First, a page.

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Hill District to Rediscover Itself Via ‘Greenprint’

Wednesday, June 16, 2010
By Meredith Skrzypczak, Pittsburgh Post-Gazette

Hill District residents gathered on a street corner Tuesday as a banner hung above with the words “the village, the woods” written around a picture of the neighborhood.

Plans for community projects that will preserve and sustain the natural and built-up landscape of the Hill were unveiled before the crowd.

Some of those Hill District Greenprint projects include creating a new entrance to Cliffside Park on Cliff Street and a public plaza from Centre Avenue to Kirkpatrick and Centre and Heldman; and cleaning and repairing city steps so residents can move about easily within and outside of the neighborhood.

Terri Baltimore, vice president of neighborhood development for the Hill House Association, said residents of the Hill District should be “rejoicing.”

“A lot of us that live and work in the Hill know the beauty of the neighborhood.”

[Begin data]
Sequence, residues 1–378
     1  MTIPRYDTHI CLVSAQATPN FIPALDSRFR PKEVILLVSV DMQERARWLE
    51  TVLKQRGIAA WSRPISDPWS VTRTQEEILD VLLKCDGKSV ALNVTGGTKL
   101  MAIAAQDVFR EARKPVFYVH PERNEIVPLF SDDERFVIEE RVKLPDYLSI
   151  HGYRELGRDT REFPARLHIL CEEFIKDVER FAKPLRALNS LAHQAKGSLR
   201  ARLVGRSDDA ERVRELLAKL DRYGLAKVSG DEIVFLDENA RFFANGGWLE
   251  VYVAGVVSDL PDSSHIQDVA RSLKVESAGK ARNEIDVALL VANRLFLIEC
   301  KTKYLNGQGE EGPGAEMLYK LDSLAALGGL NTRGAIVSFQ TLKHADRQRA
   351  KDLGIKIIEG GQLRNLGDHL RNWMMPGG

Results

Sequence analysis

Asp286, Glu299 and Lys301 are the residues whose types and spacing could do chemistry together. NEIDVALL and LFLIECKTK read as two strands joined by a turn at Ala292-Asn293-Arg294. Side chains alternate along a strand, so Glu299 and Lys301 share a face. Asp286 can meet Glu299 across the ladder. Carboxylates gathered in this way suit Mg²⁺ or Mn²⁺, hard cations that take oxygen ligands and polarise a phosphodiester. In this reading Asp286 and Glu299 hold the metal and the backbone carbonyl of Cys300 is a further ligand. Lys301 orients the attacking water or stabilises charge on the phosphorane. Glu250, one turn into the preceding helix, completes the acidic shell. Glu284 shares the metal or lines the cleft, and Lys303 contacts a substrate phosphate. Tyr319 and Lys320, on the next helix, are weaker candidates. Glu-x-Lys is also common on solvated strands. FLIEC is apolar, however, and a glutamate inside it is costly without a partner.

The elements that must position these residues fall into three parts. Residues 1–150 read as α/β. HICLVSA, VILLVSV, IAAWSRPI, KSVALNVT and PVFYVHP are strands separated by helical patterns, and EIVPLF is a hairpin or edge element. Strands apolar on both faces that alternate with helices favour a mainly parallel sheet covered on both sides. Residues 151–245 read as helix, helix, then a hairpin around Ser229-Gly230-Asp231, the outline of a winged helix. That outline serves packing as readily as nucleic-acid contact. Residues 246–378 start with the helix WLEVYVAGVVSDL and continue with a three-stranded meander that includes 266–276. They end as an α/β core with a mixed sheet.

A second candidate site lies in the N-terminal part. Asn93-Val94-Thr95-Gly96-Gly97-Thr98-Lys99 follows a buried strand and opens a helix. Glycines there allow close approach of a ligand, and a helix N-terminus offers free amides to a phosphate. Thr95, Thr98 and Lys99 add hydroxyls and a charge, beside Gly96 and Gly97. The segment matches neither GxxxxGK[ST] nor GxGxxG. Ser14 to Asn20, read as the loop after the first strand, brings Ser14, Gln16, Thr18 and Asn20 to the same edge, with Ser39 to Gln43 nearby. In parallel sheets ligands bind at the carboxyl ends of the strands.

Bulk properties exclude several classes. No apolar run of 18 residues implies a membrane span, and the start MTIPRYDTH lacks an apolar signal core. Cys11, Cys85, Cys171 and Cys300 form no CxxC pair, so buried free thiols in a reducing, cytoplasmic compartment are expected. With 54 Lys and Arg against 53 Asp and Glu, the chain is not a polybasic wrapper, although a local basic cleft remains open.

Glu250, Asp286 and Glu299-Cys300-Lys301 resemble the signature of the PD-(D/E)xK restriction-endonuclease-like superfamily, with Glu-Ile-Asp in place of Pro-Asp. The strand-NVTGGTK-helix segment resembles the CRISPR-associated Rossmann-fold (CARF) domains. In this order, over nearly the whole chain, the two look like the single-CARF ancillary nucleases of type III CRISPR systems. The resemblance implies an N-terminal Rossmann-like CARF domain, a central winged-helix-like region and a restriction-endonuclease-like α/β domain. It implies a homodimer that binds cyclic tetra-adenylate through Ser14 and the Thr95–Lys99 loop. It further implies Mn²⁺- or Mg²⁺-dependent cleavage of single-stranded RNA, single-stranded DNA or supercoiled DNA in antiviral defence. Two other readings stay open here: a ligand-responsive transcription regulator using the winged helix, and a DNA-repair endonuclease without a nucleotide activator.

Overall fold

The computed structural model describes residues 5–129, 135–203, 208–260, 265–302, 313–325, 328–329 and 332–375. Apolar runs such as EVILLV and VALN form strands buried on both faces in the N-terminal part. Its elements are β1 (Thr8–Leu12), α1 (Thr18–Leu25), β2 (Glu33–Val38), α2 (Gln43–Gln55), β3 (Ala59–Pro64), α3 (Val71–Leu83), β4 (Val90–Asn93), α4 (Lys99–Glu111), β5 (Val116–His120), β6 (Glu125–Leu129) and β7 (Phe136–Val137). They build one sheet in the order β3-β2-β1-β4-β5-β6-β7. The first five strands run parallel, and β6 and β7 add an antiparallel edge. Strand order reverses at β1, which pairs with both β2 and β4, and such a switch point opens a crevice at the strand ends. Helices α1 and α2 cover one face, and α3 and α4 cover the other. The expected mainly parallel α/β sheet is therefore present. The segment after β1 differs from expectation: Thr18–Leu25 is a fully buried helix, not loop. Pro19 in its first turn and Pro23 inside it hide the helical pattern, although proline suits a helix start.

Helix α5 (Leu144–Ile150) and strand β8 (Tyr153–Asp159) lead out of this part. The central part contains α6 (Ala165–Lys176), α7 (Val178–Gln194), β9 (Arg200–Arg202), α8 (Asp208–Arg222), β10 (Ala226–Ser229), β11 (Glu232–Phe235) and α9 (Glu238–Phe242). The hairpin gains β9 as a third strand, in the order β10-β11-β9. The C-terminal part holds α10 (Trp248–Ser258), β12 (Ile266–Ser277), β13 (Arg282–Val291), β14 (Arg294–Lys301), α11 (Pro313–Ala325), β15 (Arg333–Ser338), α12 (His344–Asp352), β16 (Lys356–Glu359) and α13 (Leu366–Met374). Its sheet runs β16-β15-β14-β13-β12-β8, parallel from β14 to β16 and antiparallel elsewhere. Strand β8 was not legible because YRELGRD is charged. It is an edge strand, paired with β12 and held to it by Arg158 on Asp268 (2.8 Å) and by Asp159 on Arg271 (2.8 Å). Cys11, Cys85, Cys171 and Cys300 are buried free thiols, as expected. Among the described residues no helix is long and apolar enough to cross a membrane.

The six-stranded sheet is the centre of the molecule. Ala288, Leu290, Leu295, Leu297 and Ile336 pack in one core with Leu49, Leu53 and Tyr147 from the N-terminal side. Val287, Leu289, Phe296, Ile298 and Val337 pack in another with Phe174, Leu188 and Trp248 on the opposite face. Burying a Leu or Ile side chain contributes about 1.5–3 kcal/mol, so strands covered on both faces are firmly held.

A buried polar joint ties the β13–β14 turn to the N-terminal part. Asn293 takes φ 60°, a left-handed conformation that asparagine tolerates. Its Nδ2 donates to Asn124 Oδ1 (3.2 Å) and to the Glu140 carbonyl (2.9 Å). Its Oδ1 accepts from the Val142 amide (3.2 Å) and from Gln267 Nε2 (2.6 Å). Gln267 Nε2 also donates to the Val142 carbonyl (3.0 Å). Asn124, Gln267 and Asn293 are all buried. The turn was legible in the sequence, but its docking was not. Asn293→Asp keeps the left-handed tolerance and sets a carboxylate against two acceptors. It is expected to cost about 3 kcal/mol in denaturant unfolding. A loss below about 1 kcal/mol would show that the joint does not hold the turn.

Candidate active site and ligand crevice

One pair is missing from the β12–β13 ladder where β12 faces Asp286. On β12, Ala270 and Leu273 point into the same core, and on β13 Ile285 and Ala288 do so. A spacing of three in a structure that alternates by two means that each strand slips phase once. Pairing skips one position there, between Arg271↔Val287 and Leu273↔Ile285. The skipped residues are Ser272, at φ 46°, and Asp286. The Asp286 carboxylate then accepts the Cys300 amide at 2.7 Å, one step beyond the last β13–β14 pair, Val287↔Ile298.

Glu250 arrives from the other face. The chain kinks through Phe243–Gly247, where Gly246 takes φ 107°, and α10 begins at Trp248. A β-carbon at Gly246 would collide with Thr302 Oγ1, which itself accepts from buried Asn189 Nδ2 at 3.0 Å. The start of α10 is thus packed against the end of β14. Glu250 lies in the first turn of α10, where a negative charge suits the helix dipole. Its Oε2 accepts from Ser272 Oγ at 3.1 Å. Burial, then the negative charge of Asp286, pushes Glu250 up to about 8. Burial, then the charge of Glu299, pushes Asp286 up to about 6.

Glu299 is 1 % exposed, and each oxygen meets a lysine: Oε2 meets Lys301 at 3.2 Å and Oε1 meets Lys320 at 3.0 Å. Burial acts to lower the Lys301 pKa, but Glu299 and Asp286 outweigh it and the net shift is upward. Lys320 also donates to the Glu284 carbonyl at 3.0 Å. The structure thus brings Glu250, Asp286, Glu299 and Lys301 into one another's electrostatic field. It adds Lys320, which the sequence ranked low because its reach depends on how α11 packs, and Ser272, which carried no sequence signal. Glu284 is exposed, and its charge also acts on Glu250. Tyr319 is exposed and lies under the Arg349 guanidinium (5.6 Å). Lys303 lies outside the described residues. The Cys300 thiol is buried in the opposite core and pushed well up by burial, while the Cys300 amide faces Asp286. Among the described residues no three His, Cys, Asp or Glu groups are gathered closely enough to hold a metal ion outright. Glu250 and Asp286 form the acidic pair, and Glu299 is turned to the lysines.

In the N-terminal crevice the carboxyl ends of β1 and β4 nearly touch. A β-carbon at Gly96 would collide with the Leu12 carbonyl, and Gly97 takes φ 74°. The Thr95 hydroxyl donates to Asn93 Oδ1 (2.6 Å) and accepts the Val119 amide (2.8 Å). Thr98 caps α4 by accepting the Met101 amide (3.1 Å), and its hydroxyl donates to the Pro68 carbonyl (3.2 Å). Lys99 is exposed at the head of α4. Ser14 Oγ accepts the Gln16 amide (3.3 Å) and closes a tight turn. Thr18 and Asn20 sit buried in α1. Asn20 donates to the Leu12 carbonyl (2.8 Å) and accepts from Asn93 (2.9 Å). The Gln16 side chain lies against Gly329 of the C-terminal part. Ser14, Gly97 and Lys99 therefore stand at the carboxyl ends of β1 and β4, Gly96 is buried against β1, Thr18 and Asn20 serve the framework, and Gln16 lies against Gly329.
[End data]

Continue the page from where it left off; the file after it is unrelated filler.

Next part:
Phyllis Jackson, 53, has lived on the Hill most of her life and said the projects will bring a new sense of pride to the community.

“We’re trying to put value back in the land,” said Walter Hood, principal of Hood Design and lead consultant for the Hill District Greenprint initiative.

Mr. Wood, who called the Hill one of the greenest pieces of landscape in Pittsburgh, is working with the existing landscape and developing projects that will sustain and transform it.

A Hill District resident for most of her life, Renee Pritchett, 60, said it helps to see the plans. And while there is still work to be done, she said she’s excited that residents can finally start looking ahead with hope for the community.

“Because of outside (negative) influences, it was hard to capture the hope that this brings,” she said. “That has been negated now.”

The project offers an environmentally friendly agenda that will also spark development, said Denys Candy, community development consultant and co-founder of Find the Rivers!, a group that works to develop green spaces in the neighborhood. Most of the projects will hopefully begin within months, he said.

Ms. Jackson said the projects are long overdue, but is happy efforts are finally getting under way.

“We’re doing something today.”

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